That’s how he met Gibson, who had run for a Senate seat in 2018 but lost to Robert Rodriguez. She’s now seeking the House seat held by Chris Hansen, who is running for Court’s Senate seat after she decided against seeking another four-year term in 2020. 

Politics can be such a game of musical chairs. 

Gibson’s speech surprised me. She lived in a trailer growing up. She became nervous when her two young children interrupted her at times, but I thought that was a perfect for who she is: a mom.

That’s what so fascinating about politics. You get to meet so many people and hear so many different points of view. 

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Former U.S. Sen. Hank Brown and former Colorado GOP chairman Dick Wadhams at the Foothills Republicans lunch Nov. 14.  Brown was the keynote speaker; Wadhams ran his U.S. Senate campaign in 1990.

Earlier that day, I had attended the Foothills Republicans monthly lunch. Former everything Hank Brown – U.S. senator, university president and more – was the featured speaker.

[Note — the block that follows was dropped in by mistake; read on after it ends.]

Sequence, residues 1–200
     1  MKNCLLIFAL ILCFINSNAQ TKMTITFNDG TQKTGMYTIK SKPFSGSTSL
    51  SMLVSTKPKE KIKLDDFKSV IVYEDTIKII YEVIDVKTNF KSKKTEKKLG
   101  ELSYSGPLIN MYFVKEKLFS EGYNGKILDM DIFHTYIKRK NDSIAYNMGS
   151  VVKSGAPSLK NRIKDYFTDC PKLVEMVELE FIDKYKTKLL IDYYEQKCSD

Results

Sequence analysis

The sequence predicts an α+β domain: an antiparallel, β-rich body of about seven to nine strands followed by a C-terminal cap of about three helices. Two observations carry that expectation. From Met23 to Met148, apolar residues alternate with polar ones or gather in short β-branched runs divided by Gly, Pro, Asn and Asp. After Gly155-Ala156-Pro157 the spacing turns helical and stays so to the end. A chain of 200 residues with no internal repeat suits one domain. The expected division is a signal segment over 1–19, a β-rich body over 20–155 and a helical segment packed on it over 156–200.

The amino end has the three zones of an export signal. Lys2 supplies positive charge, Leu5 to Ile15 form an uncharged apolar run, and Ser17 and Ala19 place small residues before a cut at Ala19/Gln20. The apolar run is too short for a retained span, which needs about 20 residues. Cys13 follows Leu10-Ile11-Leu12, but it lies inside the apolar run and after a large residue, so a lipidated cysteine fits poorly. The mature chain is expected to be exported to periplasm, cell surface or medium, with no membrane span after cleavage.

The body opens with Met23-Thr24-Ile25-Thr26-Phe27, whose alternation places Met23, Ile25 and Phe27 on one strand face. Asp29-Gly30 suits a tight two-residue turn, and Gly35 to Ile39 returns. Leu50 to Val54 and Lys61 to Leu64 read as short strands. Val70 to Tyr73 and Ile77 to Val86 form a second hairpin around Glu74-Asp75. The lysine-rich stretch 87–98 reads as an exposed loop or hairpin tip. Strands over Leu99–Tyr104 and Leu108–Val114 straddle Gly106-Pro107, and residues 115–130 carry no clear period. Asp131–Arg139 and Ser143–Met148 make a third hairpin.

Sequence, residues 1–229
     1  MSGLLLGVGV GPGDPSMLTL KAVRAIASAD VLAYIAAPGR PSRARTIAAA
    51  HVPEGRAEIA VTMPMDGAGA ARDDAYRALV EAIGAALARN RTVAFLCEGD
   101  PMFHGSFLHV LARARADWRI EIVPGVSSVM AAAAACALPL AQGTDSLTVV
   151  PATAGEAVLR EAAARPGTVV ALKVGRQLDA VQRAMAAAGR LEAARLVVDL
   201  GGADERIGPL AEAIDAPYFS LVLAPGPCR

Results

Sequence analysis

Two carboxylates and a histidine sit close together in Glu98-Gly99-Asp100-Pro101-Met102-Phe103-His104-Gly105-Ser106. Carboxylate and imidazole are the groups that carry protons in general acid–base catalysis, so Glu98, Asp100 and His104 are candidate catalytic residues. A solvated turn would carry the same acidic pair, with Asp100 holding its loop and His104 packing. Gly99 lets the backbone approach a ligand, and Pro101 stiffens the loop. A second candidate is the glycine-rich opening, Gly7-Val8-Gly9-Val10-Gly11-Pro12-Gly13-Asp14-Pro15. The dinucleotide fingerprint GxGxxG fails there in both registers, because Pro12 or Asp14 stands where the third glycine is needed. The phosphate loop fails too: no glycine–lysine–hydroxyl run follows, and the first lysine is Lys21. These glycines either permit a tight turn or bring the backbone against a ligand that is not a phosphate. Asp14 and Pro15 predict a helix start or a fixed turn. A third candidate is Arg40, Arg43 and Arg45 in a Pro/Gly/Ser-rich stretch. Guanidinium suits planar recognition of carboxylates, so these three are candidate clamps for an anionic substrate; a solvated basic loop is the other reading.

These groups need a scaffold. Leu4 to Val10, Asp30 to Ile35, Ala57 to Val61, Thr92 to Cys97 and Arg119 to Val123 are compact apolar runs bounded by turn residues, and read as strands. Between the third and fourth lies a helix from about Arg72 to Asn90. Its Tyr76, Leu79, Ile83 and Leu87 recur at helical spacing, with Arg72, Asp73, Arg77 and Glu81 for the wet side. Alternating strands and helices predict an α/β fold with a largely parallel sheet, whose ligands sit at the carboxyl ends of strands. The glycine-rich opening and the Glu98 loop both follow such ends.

He surprised the group when he started reciting a newspaper article from the Nov. 2 Washington Post. 

“The Arctic ocean is warming up, icebergs are growing scarcer and in some places the seals are finding the water too hot,” Brown read. “In many places, glaciers have entirely disappeared … .”

Foothills Republicans isn’t a far right group,  but the members aren’t exactly climate-change bandwagoners. 

Brown went on to read from the article, noting fears that rising seas would bury coastal cities.

“As I said, this was from The Washington Post on Nov. 2 – 1922.”

The crowd went wild. The biggest laugh came from Dick Wadhams, who ran Brown’s successful Senate campaign in 1990 against Boulder County Commissioner Josie Heath.

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Rep. Colin Larson, R-Littleton, and Jefferson County Commissioner Libby Szabo at the Foothills Republicans lunch Nov. 14.


At lunch I sat next to Jefferson County Commissioner Libby Szabo, a Republican I covered when she served in the state House.

She gets the Badge of Courage this election cycle for voting with her Democratic commissioners to put a tax measure on the November ballot. It failed, but it took a lot of guts and a huge dose of reality about Jeffco’s budget situation to say “yes.” Republicans weren’t too happy with her and we’ll see if they come out in force for Szabo next year.